Romeo et Juliette  (Hasselmans;  Eide Norena, Hackett, Giuseppe de Luca, Leon Rothier, Gladys Swarthout   (2-Grand Tier 4/93)
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Romeo et Juliette  (Hasselmans;  Eide Norena, Hackett, Giuseppe de Luca, Leon Rothier, Gladys Swarthout   (2-Grand Tier 4/93)
OP1077. ROMÉO ET JULIETTE, Live Performance, 26 Jan., 1935, w.Hasselmans Met Opera Ensemble; Eidé Noréna, Charles Hackett, Giuseppe de Luca, Léon Rothier, Gladys Swarthout, etc. 2-Grand Tier 4/93. Long out-of-print, Final Copy! - 764805449326


" falls victim to [Noréna's] unique vocal coloring, the exotic middle voice often flowing like citrus-tainted honey (as in the 'Ange adorable' duet of act one). We are compelled to nod appreciatively at her accurate graces as she begins the waltz song and to admire the clean rush of scales which ends the aria....The second act reveals [Hackett's] best qualities. He begins (and ends) the act with exquisite mezza voce effects....The apostrophe which concludes the act is the high point of his performance; with Gigli-like sweetness of tone, he sustains the dreamy atmosphere of night by weighting the reiterated C's. (One remembers that SUN critic W.J. Henderson had compared Hackett in his debut season to Alessandro Bonci.)"


“ROMÉO ET JULIETTE was not recorded during the 78rpm era, so we must rely on Saturday-matinee broadcasts from the Metropolitan Opera where it was a repertoire piece for many years. If we want to hear how it was performed in the heyday of French style, there is only one choice: this broadcast from the l934-35 season. Change was in the air at the Metropolitan, as the long-serving manager Giulio Gatti-Casazza was about to retire, but the structure he had built up, with its fine chorus and orchestra and its excellent supporting singers, was still in place. The cast of our ROMÉO includes one legendary character singer, the tenor Angelo Bada, who had actually come over from Italy with Gatti-Casazza in 1908, and another, the bass Léon Rothier, who had been at the Met since 1910. One of the protagonists, the illustrious baritone Giuseppe de Luca, had adorned the Met stage since 1915. The new generation is represented by the mezzo Gladys Swarthout. What makes this recording special, apart from the still vibrant de Luca and the sonorous Rothier, is the singing of the tenor and soprano and the superbly stylish conducting. Noréna characterizes Juliette as a real teenager: her singing is full of wide-eyed wonder and hope until the tragic dénouement. Hackett declaims Roméo's music with a beauty of legato tone and an amplitude of phrasing which is rarely heard today. Their duets are the highlights of the performance, which is as it should be. In the pit is the masterly Louis Hasselmans. Listen to how beautifully he and the orchestra phrase the opening bars of Act II. An incidental pleasure is the commentary of Milton Cross, with his inevitable mention of the afternoon's sponsor.

Louis Hasselmans, born in Paris on 15 July 1878, made his mark as a cellist,taking a first prize at the Conservatoire in 1893. He was principal of the Concerts Lamoureux and a member of the celebrated Quatuor Capet before turning to conducting. From 1909 to 1911 he was at the Opéra-Comique, and again in 1919-22, in Montréal in 1911-13, and at the Chicago Civic Opera, 1918-19. He was a close friend and colleague of Gabriel Fauré. In 1913 he conducted the first Paris performance of PÉNÉLOPE and four years later Fauré dedicated his First Cello Sonata to him. Hasselmans first conducted at the Met on 20 January, 1922 (FAUST) and stayed for fifteen seasons, giving 378 performances of fourteen French operas including the Met premiers of PELLÉAS ET MÉLISANDE, L'HEURE ESPAGNOLE and DON QUICHOTTE. He died at San Juan, Puerto Rico, on 27 December, 1957.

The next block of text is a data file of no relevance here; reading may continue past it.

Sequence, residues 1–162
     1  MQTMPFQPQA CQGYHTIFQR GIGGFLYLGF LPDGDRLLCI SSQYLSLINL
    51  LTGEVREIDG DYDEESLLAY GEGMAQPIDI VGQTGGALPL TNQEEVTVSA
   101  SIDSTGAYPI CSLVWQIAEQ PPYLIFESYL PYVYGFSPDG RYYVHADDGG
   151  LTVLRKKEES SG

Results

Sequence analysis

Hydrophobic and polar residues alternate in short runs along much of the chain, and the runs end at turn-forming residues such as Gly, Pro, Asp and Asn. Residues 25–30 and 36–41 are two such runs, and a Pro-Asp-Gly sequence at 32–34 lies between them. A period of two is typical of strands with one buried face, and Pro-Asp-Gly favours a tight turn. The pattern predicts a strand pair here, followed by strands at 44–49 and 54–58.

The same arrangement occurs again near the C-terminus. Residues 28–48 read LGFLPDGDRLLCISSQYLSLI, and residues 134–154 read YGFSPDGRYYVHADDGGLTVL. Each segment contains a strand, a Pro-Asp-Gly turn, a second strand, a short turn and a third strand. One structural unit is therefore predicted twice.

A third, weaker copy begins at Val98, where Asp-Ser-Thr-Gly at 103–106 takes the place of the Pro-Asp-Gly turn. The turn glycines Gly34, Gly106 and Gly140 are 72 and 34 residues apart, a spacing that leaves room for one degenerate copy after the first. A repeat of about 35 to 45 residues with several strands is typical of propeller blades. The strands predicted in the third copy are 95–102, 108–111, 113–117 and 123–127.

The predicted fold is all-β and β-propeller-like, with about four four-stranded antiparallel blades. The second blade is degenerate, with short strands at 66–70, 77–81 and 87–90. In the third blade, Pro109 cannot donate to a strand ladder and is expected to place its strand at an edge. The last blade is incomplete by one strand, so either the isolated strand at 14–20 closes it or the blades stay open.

Eide Noréna was born Karolina Hansen at Horten, Norway, on 26 April 1884, and studied with Ellen Gulbranson in Oslo. Having started as a concert singer in 1904, she made her operatic début in Oslo in 1907. In 1909 she married the actor Egel Naess Eide and began calling herself Kaja Eide, belatedly starting an international career as Eide Noréna. She became a byword for style in the Franco-Belgian repertoire - from 1928 she lived in Paris and was a favourite at the Opéra. She had only a few seasons at the Met. She died in Lausanne, Switzerland, on 19 November 1968. Noréna made beautiful records of French and Italian repertoire.

Gladys Swarthout was born at Deepwater, Missouri, on Christmas Day 1900, and studied in Chicago where she made her début at the Civic Opera in 1924. Her Met début came on 15 November 1929 as La Cieca in a matinee of LA GIOCONDA, and in thirteen seasons she sang 22 roles. Her good figure made her an asset in travesty roles and in the 1930s she became a popular film star, renowned as one of America's best-dressed women. Her most famous stage role was Carmen. The last years of her career were affected by heart trouble and in 1954 she retired to Florence, where she died on 7 July, 1969.

America, land of baritones, has produced few tenors of quality but Charles Hackett was undoubtedly one of them. Born in Worcester, Massachusetts, on 4 November 1889, he began as a boy alto, studied in Boston and Florence and started his adult career as a lyric tenor, appearing in Pavia(1915) and Genoa (1916-17). In 1917-18 he was in Buenos Aires. He made his Met début in IL BARBIERE (with de Luca as Figaro) on 31 January 1919, staying until 1921, then returning in 1934 for five more seasons. In between he sang at La Scala and in Monte Carlo, Paris, London (taking part in Melba's farewell evening, as Roméo to her Juliette in the Balcony Scene) and Chicago. During this time his voice gained in power but kept its tone. He retired in 1940 and taught at the Juilliard School but died in New York on New Year's Day, 1942.”

- Ned Ludd